Iranian president blames US for market collapse
- Iranian president blames US for market collapse
By EDITH M. LEDERER
UNITED NATIONS - Iran's president blamed U.S. military interventions
around the world in part for the collapse of global financial markets
ahead of his speech Tuesday to the U.N. General Assembly.
President Mahmoud Ahmadinejad also said the campaign against his
country's nuclear program was solely due to the Bush
administration "and a couple of their European friends."
"The U.S. government has made a series of mistakes in the past few
decades," Ahmadinejad said an interview with the Los Angeles Times.
"The imposition on the U.S. economy of the years of heavy military
engagement and involvement around the world ... the war in Iraq, for
example. These are heavy costs imposed on the U.S. economy.
"The world economy can no longer tolerate the budgetary deficit and
the financial pressures occurring from markets here in the United
States, and by the U.S. government," he added.
In a separate interview with National Public Radio, Ahmadinejad said
he does not want confrontation with the United States.
Despite U.N. sanctions against Iran over its nuclear program,
Ahmadinejad claimed vast international support for his position and
said the campaign consisted "of only three or four countries, led by
the United States and with a couple of their European friends."
Iran insists its nuclear activities are geared only toward generating
power. But Israel says the Islamic Republic could have enough nuclear
material to make its first bomb within a year. The U.S. estimates
Tehran is at least two years away from that stage.
Ahmadinejad's speech will come just hours after President Bush made
his eighth and final speech to the U.N. General Assembly.
Bush said Tuesday the international community must stand firm against
the nuclear ambitions of Iran and North Korea. And he said that
despite past disagreements over the U.S.-led war in Iraq, members of
the U.N. must unite to help the struggling democracy succeed.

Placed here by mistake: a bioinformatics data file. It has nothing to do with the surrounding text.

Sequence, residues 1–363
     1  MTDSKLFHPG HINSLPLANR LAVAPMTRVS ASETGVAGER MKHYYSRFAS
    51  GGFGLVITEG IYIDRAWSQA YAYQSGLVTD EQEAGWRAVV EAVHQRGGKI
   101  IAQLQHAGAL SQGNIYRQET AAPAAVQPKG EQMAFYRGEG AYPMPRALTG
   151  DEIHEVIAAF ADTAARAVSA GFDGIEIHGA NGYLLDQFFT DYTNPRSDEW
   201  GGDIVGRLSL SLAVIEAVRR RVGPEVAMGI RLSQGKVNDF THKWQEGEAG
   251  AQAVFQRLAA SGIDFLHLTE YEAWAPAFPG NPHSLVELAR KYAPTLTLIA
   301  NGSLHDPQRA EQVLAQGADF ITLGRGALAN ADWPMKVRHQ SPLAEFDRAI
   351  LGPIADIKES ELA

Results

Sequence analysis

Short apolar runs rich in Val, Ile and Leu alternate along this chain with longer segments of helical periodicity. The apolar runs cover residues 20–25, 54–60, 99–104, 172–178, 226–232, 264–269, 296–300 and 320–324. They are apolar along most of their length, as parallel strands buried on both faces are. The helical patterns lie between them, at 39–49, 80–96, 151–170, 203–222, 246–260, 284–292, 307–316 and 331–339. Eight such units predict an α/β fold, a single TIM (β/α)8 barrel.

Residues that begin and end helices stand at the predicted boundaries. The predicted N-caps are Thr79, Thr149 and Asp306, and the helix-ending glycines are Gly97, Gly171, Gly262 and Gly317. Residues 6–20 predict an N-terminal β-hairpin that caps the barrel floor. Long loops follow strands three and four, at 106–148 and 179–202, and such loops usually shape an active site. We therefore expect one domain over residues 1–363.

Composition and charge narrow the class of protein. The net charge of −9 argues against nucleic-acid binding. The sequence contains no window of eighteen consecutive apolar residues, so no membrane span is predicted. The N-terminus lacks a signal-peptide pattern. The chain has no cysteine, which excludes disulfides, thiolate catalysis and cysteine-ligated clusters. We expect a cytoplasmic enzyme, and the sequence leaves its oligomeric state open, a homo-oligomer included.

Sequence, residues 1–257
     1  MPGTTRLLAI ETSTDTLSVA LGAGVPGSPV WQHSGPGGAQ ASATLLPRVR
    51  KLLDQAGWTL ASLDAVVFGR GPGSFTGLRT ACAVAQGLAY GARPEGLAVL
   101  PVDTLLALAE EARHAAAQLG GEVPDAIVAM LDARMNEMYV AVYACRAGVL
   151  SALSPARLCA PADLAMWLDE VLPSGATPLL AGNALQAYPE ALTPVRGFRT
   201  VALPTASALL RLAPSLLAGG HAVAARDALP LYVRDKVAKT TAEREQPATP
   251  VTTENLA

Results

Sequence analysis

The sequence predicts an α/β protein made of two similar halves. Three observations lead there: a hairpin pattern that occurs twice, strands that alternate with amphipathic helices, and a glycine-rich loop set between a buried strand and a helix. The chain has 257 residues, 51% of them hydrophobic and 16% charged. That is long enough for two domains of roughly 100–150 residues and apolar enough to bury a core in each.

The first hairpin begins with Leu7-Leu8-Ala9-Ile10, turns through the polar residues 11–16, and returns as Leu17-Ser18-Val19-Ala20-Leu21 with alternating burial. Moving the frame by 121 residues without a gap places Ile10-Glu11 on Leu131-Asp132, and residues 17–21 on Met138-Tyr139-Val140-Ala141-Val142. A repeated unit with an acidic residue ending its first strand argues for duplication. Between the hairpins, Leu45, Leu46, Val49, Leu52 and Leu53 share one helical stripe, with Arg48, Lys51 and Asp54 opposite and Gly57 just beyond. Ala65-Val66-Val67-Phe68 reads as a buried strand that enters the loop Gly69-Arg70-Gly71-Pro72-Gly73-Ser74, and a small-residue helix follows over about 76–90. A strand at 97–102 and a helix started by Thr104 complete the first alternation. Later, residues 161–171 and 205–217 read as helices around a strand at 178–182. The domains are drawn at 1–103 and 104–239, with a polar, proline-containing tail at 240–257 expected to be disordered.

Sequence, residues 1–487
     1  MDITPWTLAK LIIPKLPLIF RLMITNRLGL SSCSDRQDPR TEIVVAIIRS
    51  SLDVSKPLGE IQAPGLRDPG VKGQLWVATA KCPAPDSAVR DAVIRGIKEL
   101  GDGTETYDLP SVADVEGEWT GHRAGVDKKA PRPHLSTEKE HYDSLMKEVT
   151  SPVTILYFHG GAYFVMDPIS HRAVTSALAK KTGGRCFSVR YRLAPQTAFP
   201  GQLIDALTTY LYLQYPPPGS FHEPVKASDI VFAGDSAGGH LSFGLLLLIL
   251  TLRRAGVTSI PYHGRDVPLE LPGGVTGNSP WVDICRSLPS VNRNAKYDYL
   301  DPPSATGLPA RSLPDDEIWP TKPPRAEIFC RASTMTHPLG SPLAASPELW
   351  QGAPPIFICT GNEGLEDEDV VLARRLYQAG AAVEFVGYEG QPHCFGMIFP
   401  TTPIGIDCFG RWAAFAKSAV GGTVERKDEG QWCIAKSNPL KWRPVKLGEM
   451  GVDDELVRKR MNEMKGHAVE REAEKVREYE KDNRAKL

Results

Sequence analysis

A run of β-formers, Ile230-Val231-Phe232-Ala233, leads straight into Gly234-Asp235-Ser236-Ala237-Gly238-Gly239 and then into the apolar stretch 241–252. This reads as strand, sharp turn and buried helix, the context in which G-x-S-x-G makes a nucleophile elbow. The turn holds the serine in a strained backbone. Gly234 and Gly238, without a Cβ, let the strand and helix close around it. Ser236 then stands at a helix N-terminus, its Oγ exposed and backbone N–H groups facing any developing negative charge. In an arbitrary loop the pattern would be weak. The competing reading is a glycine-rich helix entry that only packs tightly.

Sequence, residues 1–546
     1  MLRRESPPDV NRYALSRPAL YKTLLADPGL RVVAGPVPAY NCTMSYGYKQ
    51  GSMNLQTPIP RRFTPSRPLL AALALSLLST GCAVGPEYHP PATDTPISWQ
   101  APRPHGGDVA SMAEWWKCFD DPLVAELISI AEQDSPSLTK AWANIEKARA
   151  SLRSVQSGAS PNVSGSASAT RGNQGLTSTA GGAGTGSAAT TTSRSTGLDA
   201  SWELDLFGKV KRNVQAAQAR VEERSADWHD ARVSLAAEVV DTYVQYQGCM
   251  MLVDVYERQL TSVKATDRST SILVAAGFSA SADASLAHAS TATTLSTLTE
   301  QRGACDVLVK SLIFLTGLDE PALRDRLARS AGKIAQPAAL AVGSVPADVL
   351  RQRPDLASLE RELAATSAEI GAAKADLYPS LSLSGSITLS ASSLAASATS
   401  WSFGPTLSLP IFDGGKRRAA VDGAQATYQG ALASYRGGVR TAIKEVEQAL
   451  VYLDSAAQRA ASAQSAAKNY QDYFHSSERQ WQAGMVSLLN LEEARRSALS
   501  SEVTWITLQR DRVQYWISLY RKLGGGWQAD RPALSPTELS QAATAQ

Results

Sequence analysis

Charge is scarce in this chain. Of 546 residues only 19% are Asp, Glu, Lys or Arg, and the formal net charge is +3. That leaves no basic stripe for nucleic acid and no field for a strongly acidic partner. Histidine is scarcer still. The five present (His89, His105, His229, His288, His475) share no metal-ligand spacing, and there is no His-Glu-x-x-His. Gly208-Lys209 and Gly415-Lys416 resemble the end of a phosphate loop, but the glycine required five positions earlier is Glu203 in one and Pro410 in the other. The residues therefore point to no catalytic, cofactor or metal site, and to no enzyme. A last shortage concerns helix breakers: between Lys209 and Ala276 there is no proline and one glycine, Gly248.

"A few nations, regimes like Syria and Iran, continue to sponsor
terror," Bush said. "Yet their numbers are growing fewer, and they're
growing more isolated from the world. As the 21st century unfolds,
some may be tempted to assume that the threat has receded. This would
be comforting. It would be wrong. The terrorists believe time is on
their side, so they've made waiting out civilized nations part of
their strategy. We must not allow them to succeed."
Throughout Bush's speech, Ahmadinejad at in his seat and smiled and
waved to people in the chamber. At one point during Bush's 22-minute
talk, Ahmadinejad turned to someone at his side and gave a thumb's
Bush's appearance was overshadowed by the U.S. financial crisis that
has rippled through world markets. Trying to reassure world leaders
that his administration is taking decisive action to stem market
turmoil, Bush said he is confident that Congress will act in
the "urgent timeframe required" to prevent broader problem. But he
did not ask other nations to take any specific actions.
French President Nicolas Sarkozy called for a wholesale reform of the
global financial system, urging major economic powers to meet before
the end of the year to examine the lessons of the crisis.
"Let us rebuild capitalism in which credit agencies are controlled
and punished when necessary, where transparency ... replaces
opaqueness," Sarkozy said. "We can do this on one condition, that we
all work together in our globalized world."
Brazil's President Luiz Inacio Lula da Silva also called for a global
solution to the financial crisis and lashed out at speculators whom
he blamed for the "anguish of entire peoples."
"The global nature of this crisis means that the solutions we adopt
must also be global," Silva said.
Secretary-General Ban Ki-moon painted a grim picture of a world
facing not only a financial crisis but food and energy crises as well
as new outbreaks of war and violence.
"We must do more to help our fellow human beings weather the
gathering storm," he told world leaders. "I see a danger of nations
looking more inward, rather than toward a shared future. I see a
danger of retreating from the progress we have made, particularly in
the realm of development and more equitably sharing the fruits of
"We need to restore order to the international financial markets," he
said. "We need a new understanding on business ethics and governance,
with more compassion and less uncritical faith in the `magic' of
markets. And we must think about how the world economic system should
evolve to more fully reflect changing realities of our time."
Associated Press writers Slobodan Lekic and Michael Astor contributed
to this report.
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